I was recently invited to the second  Practice of Enterprise Modeling (PoEM) conference, in Stockholm, 18-19 November. This post introduces the topics that I will talk about there. The objective is to communicate some of our lessons from 15-20 years of enterprise modeling and enterprise architecture development, to highlight advances made, important ideas that were largely forgotten, and to point out directions for future practice development. Some of the lessons presented below are obvious to enterprise modeling practitioners. They are included here because outsiders coming into the field sometimes get them wrong. Other lessons may be more controversial, and they may not be applicable in every situation.

The proceedings of the conference are available from Springer Lecture Notes in Business Information Processing. The presentation is available here (pptx).  Read the rest of this entry »

Business processes are commonly defined as a set of related activities directed at producing an outcome. In bureaucratic case processing, the outcome is typically a decision, which is documented in a case file and communicated using e.g. formal letters. For the management, improvement and automation of some of these processes, BPM and workflow systems are adequate. Knowledge intensive processes like engineering, design, and construction, however, produce outcomes that are far more complex. To manage, improve, and automate such processes, we must design product models and process models in parallel, with evolving product structures as the core and foundation. This post presents a case from oil&gas field development, outlines why a product-driven business process management approach is needed, and how it is applied. Read the rest of this entry »

The visual modeling editor of the Oslo platform is now available for community technology preview (CTP). Since the first Oslo CTP half a year ago, the focus of the public discourse has been the textual language M, taking a programmers’ perspective, focusing on the design of textual domain specific languages and repository database structures. For those of us more interested in visual modeling and a new paradigm for model-driven applications, it has been a long wait.

This post summarizes early experiences from playing with Quadrant. Its user interface is novel, uniform, and functional, but a bit cumbersome, and as an early preview it exposes a lot of the underlying wiring, nuts and bolts. Interesting features are the combination of textual and graphical views, and the use of multiple layers for zoom and navigation. Some functionality is well supported, such as customizing views and interacting with large models in multiple workpads. On the other hand, services for e.g. relationship modeling are poor. The current scope of Quadrant is limited to visualizing and editing instance data. Metamodeling and definition of new extents (storage areas) must be done in the Intellipad text editor. Read the rest of this entry »

Earlier this year, Henk De Man of Cordys published two papers on case management at bptrends, one about different modeling approaches, and another about the approach taken by Cordys. This contribution has also been submitted to the OMG as an answer to their dynamic business activity modeling RFI. I recommend these papers to anyone interested in flexible BPMS, and applaud the company for making this information public. These descriptions represent the best I have seen from any vendor in this field.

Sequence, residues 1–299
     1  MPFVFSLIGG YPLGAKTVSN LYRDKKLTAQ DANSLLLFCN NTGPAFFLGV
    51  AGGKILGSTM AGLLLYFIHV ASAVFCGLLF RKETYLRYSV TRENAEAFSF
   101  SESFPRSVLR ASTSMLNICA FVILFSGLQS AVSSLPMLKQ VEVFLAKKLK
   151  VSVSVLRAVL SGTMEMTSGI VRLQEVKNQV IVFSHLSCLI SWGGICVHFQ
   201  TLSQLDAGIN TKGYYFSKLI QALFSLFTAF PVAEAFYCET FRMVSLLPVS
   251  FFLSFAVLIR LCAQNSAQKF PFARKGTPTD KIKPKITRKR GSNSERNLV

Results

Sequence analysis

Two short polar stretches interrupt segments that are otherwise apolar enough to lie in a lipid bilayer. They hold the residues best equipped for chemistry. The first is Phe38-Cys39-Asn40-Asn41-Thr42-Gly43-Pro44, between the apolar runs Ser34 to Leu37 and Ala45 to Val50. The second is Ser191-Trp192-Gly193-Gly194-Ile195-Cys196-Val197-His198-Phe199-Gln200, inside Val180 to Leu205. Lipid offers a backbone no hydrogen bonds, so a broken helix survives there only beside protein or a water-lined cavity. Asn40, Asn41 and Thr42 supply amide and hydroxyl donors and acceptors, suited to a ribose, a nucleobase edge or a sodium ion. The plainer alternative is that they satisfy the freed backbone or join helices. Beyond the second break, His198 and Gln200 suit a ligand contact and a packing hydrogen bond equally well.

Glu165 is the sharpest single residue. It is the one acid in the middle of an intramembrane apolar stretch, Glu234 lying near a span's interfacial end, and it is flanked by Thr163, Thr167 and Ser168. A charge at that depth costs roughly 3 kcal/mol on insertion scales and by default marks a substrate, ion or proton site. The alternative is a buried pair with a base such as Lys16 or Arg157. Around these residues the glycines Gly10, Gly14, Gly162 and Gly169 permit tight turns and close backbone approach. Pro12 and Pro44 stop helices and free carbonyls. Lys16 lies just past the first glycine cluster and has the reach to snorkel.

Our active knowledge architecture approach is well aligned with this proposal from Cordys, though our emphasis is the complex creative and artistic human-interaction processes that are typically organized in projects. Projects are larger and more complex than cases, requiring multi-dimensional modeling and continuous elaboration of project plans as instance level process models. This post explores similarities between case management and process-oriented knowledge architectures, and proposes some additional use cases and solutions that we believe would make case management simpler and more useful for a wider range of dynamic business activities. Rather than defining new languages for different kinds of processes, we believe that a common process modeling core standard should support dialects (or profiles) for different modeling scenarios, such as “BPMN for standard BPMS”, “case management”, and “project planning and execution”. Read the rest of this entry »

A previous post outlined some reasons why we think data modeling and semantic approaches are poorly suited for developing common data models across applications, disciplines, functions, and organizations. In particular, we argue that formal, precise representations makes it difficult to discuss terms before we have agreed upon a common language. Another problem is class hierarchies, which typically are local to a community. Enforcing a single classification structure in a common model can alienate stakeholders who have a different way of seeing things. Finally, visual models are preferred over textual representations because they more easily work as a neutral common ground, avoiding terminology wars.

This post introduces a modeling methodology that utilizes knowledge architectures to arrive at integrated information and data architectures. By following this approach, you create a conceptual knowledge model, which is suitable for interdisciplinary, cross-functional and cross-organizational communication. The methodology outlines the steps involved in creating common understanding, and some modeling principles that should be followed.

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